How many times have you said that you’ll start tomorrow and look back a year later wishing you started yesterday?
Alright, enough of that…
I love to run in foreign cities and seeing the place without crowds, London was no disappointment. While running along the Thames the other day there were a bunch of sirens followed by the sound of two motorcycles twisting their throttles as hard as possible. Next came the distinctive sound of a turbo spinning up, that high pitched whine of a really fast car.
Turns out they were closing the road down to film a Porsche commercial. Thinking about that really pushed me through the last bit of my run. That driver is so good at what he does, they are willing to shut down a major thoroughfare in the center of London to drive his car as great as he can. The only way to get to do that is with a shit ton of work. And he put it in!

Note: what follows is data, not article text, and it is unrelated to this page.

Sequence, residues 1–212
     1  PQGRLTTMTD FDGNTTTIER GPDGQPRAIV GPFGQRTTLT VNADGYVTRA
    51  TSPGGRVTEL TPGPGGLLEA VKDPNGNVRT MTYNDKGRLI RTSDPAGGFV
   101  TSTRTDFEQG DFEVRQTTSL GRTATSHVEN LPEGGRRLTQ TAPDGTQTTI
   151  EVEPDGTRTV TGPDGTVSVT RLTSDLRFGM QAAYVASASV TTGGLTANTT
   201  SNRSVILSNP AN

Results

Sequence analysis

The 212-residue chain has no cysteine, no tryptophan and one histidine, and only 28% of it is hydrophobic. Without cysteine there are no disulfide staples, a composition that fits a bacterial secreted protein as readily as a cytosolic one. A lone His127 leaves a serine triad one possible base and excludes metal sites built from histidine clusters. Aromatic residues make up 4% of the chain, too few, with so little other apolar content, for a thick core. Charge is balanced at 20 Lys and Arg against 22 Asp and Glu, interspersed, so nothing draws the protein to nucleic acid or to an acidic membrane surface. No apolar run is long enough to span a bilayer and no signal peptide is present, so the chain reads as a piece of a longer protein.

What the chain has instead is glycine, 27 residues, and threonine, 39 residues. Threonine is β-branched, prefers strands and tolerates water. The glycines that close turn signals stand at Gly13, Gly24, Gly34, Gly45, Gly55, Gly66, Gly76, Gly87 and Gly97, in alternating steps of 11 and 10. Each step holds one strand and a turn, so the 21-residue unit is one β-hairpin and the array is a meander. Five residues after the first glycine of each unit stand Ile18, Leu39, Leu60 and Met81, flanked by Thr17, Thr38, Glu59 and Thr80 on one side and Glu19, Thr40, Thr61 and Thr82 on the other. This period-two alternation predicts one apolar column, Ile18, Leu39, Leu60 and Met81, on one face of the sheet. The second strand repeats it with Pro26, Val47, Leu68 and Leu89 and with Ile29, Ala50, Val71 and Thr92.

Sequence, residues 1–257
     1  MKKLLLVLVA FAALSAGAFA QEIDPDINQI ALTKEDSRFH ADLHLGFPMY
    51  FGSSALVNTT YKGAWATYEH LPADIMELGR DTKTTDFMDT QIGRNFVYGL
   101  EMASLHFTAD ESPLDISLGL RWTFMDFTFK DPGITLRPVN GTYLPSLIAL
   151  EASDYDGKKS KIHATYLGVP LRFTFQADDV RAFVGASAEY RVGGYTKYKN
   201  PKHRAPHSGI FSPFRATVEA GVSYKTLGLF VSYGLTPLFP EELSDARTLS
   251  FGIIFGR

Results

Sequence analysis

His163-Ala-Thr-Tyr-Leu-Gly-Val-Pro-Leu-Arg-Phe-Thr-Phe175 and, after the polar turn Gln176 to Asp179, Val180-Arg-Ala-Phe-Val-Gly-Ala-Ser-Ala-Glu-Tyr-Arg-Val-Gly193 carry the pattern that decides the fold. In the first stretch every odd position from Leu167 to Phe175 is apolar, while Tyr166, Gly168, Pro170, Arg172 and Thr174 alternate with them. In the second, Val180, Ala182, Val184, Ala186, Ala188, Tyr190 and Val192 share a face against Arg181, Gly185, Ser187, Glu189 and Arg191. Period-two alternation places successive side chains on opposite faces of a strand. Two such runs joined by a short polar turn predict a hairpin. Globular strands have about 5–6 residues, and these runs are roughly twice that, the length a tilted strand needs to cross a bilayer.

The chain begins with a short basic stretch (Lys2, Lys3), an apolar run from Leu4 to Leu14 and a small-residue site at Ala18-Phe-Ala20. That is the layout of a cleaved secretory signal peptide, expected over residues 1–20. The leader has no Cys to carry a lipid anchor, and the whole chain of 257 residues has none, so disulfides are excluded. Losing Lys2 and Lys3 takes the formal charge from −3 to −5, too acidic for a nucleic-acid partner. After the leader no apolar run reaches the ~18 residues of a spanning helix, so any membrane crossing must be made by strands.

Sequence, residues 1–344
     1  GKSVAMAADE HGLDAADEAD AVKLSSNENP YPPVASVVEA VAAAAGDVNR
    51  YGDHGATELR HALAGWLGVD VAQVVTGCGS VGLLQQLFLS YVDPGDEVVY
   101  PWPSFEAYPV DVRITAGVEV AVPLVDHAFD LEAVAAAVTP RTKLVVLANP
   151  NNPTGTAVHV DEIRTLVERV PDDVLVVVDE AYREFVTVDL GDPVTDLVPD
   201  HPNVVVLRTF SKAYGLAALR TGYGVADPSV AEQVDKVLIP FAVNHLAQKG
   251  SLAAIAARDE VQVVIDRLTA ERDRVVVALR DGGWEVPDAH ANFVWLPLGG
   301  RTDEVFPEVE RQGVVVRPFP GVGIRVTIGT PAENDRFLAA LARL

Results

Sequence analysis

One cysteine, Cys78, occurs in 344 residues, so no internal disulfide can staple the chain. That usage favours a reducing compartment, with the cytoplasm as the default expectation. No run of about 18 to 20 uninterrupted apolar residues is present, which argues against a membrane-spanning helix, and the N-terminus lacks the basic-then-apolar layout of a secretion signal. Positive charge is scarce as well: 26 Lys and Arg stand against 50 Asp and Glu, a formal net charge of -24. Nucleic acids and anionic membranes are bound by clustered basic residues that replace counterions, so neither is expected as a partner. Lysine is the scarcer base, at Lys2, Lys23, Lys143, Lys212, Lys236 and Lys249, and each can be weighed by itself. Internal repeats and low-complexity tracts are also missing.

I am feeling kind of preachy as I go back through reading this, but we really can do whatever we want if we put in the work. So for the remainder of this week, I am going to put in the work of filling my belly with cheese and swirly meats (and a few runs here and there) while always remembering whose got that attitude.
Less than 10 hours ago, I was finishing up the Nation’s Tri and came in 42nd (out of 107) in my age group and 482 (out of 1349). I will take it! Right now, I am more that 29,000’ in the air flying to Switzerland thinking about how today went and am really happy. One thing I was really stoked about was my bike section, averaging over 21 mph for 40k.
Thank you to everyone for all of the encouragement and support in the postings today. It definitely makes it easier to stay excited.Today was just the first step in the process towards next year’s IronMan Lake Placid. I have done a lot of work over the past year just to get myself to here. In just under one year, I have lost over 45 pounds, run over 850 miles and am not sure how many miles I have put in on a bike (not as many as I should have to be honest).